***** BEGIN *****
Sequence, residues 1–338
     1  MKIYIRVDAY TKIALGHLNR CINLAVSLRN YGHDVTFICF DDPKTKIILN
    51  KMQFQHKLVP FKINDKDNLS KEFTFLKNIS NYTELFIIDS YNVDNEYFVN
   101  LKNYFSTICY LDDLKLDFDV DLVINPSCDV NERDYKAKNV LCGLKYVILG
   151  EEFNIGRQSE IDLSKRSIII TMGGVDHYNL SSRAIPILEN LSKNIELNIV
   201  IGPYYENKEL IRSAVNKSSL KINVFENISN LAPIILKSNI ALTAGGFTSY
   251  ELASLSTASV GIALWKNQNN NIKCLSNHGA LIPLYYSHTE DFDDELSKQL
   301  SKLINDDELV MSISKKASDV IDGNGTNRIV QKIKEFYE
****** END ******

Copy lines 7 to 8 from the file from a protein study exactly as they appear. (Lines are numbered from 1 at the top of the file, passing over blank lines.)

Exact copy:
   251  ELASLSTASV GIALWKNQNN NIKCLSNHGA LIPLYYSHTE DFDDELSKQL
   301  SKLINDDELV MSISKKASDV IDGNGTNRIV QKIKEFYE